8/9/19: Old Nation Brewing Company's Dry Honey Saison

2:21 PM

I'm happy to have today off. The week's been a little rough for me. Actually, the whole damn summer's been rough for me. But we're just about in mid-August, so the whole thing's coming to an end. I'm already planning ahead to the Oktoberfests and pumpkin ales I'll be drinking in the coming months.

Having said that, summer's not quite over yet. I still have a few summery posts planned, including today's: Old Nation's Dry Honey Saison. This'll be my first Old Nation offering and I'm excited to see how, in practice, the brewery holds up to the hype (I've heard more than a few great things about the brews offered by the place).

Founded in 2015 by Travis Fritts and Nate Rykse in Travis' hometown of Williamston, MI, Old Nation brings an old-school brewing philosophy to each and every beer they craft. That's due in major part to Travis' and Nate's background (the former learned brewing in Berlin before working at a bunch of Michigan breweries, while the latter brewed in Alaska after attending the University of California Davis). Together, and with the rest of the good people at Old Nation, they brew the best beer they can while learning to adapt to our rapidly-changing beer tastes. They have a really in-depth story/manifesto on their "About" page that I strongly recommend you check out.

Dry Honey, which is part of Old Nation's Woodshed pilot series, doesn't have a page of the brewery's website. So, like always when this is the case, we turn to its Untappd profile. Here it's listed as a 7.1% ABV saison with yeast that attributes spicy phenols and a finish that's both dry and honey-sweet (can dry and sweet coexist in a beer?). My can also provides the following information: The ale has a honey aroma that compliments the notes of clove, banana, and the bit of pepper from the yeast; I should expect a light, drinkable body; and that the stuff is "Perfect for summer drinking!"

I get plenty of honey from the bouquet. If it wasn't for the clove and banana from the yeast, I'd blindly peg this as a mead. Especially because of the light slap of alcohol that follows each waft. There's also a tiny bit of maltiness here, if you're really looking for it. Overall, this seems like it's bound to be a pleasant summer sipper. The newest addition to our family, Lottie the puppy, really likes how this smells (we have a dog who's down with beer!). She gave the ale twelve whiffs and the outside of the can numerous licks in the process.

She's a twelve-week old ball of fluff.
There's plenty of honey present in Dry Honey's flavor, but it isn't sweet. It's more of the essence of the honey, without that sticky sweetness. This is, as promised, a very dry ale. Those yeast-fueled spicy notes are present and accounted for: The banana, the clove, and the slight pepper are big here. I know this is a saison, but it reminds me so much of some of my favorite belgian blondes. The finish is, like the rest of the beer, dry without fault, but I'm finding some honey hanging around in there. Now I know why "sweet" is such a prominent descriptor in this dry beer.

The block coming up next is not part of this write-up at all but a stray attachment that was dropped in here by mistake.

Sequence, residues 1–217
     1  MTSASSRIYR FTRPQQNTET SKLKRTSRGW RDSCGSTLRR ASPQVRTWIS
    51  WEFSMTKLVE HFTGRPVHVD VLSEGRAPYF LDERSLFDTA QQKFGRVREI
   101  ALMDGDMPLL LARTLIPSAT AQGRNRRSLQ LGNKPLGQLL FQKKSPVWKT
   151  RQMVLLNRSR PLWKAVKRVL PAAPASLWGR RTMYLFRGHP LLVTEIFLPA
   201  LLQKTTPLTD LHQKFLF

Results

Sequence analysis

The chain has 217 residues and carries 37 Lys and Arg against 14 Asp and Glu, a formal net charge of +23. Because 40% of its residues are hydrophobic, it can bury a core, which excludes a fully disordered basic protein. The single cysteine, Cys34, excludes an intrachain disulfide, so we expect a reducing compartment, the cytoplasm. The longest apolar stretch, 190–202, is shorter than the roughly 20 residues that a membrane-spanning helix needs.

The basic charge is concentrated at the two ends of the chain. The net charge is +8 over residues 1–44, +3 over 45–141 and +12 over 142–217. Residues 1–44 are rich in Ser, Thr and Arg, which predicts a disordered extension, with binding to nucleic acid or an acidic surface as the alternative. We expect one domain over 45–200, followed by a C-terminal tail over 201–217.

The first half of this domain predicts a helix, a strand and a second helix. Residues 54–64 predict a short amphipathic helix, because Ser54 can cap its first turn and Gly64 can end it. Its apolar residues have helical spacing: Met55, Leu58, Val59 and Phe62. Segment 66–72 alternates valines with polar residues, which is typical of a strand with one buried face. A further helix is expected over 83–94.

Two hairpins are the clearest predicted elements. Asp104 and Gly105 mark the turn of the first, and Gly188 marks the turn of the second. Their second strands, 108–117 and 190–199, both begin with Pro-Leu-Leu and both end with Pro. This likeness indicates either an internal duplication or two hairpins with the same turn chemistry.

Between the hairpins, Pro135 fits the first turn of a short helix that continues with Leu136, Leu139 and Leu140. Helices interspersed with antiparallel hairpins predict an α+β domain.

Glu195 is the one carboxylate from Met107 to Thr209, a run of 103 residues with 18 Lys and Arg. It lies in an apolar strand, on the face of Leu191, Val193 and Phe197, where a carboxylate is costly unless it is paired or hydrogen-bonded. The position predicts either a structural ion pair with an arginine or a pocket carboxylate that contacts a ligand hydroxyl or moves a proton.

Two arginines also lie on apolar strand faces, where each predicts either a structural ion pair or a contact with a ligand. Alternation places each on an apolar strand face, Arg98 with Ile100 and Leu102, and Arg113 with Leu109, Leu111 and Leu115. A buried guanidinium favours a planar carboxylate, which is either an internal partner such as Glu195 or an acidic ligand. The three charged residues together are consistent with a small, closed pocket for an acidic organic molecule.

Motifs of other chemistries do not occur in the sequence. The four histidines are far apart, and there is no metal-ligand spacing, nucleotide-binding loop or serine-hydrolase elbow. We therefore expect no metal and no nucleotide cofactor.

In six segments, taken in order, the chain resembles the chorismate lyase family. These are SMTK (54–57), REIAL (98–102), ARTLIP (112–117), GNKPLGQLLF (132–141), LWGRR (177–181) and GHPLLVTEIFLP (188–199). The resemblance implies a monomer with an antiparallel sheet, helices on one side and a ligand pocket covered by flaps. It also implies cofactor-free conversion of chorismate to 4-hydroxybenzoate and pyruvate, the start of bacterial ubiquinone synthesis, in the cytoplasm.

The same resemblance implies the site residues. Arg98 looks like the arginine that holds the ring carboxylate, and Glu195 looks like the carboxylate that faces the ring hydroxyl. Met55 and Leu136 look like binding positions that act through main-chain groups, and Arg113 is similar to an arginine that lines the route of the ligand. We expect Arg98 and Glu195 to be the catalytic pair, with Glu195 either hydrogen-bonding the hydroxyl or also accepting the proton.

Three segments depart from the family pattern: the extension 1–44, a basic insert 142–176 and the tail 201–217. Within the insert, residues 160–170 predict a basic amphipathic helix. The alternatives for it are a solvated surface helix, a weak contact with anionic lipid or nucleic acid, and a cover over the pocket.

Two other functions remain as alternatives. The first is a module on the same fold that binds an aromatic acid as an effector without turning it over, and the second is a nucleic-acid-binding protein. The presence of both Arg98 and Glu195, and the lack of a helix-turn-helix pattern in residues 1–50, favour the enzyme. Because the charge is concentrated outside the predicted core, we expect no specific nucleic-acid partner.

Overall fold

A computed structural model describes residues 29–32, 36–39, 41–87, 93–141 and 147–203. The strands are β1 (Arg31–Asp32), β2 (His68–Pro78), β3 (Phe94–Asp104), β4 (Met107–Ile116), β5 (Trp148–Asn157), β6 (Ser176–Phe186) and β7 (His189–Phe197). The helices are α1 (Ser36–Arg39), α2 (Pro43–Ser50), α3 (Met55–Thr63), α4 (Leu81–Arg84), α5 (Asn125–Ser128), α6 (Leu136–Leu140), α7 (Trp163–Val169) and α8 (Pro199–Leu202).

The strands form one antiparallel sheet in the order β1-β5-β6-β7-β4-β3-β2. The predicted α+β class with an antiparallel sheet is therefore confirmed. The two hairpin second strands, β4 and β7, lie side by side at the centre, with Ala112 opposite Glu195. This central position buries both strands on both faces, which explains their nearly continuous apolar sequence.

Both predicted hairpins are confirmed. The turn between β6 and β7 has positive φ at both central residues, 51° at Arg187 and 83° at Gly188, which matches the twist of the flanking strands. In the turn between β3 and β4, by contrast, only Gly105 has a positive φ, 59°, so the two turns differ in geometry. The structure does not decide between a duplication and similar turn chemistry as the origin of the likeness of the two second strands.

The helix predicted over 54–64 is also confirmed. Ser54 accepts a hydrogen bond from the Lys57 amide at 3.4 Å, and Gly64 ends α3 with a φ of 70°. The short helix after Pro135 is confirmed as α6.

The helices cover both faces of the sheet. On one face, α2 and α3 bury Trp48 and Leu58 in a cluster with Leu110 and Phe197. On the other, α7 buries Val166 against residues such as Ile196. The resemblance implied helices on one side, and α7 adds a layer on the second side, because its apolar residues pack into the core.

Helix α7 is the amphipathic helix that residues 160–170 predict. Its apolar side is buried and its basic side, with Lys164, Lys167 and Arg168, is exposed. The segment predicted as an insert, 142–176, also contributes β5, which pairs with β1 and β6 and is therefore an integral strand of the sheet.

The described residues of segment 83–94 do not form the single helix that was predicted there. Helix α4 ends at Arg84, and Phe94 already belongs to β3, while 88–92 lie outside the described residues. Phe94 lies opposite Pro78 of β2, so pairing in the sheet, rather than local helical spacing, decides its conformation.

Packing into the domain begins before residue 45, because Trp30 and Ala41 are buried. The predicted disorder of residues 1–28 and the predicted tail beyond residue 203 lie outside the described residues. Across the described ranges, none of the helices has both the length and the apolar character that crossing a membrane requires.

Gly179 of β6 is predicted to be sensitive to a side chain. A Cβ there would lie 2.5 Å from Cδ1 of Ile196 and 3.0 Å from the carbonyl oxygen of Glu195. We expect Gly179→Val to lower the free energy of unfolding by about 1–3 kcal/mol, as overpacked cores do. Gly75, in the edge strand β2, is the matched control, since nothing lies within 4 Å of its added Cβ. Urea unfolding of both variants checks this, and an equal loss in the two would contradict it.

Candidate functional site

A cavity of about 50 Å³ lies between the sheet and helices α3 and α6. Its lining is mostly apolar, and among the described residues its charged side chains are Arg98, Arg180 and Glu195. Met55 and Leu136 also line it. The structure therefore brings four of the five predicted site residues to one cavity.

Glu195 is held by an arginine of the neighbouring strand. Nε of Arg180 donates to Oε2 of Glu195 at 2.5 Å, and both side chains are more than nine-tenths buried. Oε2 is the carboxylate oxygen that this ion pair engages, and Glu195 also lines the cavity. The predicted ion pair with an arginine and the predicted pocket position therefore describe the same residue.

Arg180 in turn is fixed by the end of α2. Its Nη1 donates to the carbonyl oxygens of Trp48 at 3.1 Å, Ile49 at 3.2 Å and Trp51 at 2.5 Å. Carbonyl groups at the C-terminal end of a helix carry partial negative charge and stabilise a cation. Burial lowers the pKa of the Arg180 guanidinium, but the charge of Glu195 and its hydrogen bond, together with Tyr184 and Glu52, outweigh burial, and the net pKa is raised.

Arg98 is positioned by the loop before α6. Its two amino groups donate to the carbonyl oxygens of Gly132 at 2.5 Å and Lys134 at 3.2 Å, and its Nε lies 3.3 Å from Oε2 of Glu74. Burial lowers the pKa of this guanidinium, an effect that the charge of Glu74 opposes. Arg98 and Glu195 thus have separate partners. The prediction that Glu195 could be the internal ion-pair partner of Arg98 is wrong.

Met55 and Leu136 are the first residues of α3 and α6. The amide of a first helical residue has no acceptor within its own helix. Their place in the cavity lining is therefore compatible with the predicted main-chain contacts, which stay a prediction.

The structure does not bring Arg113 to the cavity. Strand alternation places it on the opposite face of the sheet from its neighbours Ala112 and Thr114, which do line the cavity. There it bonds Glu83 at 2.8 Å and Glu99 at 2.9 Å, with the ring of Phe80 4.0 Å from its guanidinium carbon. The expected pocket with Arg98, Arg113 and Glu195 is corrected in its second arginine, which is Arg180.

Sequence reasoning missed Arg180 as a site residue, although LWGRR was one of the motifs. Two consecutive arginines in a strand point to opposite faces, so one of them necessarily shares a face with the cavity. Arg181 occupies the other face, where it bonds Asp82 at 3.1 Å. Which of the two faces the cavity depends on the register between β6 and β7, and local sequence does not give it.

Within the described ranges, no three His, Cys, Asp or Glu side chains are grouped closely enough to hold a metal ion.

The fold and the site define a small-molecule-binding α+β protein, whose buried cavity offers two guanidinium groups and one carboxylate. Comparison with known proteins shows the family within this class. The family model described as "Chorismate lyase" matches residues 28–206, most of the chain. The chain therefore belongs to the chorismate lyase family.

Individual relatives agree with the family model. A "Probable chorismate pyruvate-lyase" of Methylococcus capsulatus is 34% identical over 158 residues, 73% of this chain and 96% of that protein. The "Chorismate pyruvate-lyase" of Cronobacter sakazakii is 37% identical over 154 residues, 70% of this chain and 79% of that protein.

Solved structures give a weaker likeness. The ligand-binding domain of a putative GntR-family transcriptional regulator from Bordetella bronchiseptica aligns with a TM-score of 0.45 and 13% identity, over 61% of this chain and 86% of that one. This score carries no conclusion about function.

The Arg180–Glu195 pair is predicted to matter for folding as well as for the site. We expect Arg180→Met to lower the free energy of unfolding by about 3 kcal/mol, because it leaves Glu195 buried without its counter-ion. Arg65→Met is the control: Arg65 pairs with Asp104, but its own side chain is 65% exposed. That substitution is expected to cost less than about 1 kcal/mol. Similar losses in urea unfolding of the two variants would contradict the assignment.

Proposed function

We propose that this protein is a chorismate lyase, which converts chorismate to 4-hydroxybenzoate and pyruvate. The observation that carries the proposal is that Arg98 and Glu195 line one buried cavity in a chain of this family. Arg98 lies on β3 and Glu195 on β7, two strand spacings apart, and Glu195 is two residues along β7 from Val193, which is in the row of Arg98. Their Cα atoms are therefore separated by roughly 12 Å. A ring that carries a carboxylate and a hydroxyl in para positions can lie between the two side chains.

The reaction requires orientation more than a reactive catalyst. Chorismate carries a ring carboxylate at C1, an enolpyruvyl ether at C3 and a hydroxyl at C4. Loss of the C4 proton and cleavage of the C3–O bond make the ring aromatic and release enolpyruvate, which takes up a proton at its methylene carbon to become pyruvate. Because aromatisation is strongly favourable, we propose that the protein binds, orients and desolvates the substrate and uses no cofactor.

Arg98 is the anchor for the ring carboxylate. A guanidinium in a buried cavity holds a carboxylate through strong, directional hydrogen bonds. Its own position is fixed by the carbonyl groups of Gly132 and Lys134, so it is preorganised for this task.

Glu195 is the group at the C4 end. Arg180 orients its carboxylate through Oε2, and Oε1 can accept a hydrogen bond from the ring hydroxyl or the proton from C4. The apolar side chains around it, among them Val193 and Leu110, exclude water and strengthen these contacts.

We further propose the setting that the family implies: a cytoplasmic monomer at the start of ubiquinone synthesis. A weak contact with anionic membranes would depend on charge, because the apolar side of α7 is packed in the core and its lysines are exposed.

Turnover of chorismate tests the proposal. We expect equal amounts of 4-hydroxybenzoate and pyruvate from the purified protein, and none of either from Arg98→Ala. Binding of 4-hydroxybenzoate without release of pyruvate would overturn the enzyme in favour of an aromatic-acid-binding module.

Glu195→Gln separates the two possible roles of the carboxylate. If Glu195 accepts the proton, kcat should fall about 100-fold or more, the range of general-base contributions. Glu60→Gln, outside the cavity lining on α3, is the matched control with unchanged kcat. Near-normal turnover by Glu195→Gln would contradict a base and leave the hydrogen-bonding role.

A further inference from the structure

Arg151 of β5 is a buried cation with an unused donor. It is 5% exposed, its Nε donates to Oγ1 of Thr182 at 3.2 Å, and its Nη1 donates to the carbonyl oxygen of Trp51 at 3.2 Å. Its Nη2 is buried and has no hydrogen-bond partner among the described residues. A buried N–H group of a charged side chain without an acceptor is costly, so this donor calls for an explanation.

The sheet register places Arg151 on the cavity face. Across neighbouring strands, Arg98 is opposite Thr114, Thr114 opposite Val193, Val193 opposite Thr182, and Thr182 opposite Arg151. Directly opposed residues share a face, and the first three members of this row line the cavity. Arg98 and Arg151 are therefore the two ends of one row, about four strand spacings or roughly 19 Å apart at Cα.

In the bit about the aroma, I said this was bound to be a pleasant summer sipper and, wouldn't you know it, that's absolutely the case. It's very light bodied (like all great lawnmower beers I've had) but there's a hearty amount of creamy carbonation. The dryness begs me to take another swig.

The summer between my undergrad and my master's was hot. No, it wasn't the hottest summer I've experienced, but it's the one I recall most vividly when I think of "hot summer." This was when I worked as a deli clerk and I'd walk to and from the store each day.

On the days when I didn't have to work, I'd try to find someplace outside to read each day. At the time, I was working through Tolkien's The Return of the King. One of my favorite spots was on a bench behind the Athens Public Library Branch that was right beside the Hocking. I'd post up here in late afternoon and bask in the sunset while enjoying the winds coming off the river.  It was quiet and calm, which is what you want from an Athens summer. I'd always bring a bottle of water, but I have a feeling Dry Honey would have been a far better pairing for those evenings.

Sitting here on my porch, drinking this saison while listening to a city pop playlist as cicadas sing in the small woodland bordering our home, I can't help but reflect upon how great of a summer brew this is. Truly, Old Nation knows what they're doing. I'm giving Dry Honey a 9.0/10. I hope that it makes the jump from the Woodshed to the brewery's core seasonal lineup (which I'm not sure they have, but I know it needs to exist) sooner rather than later.

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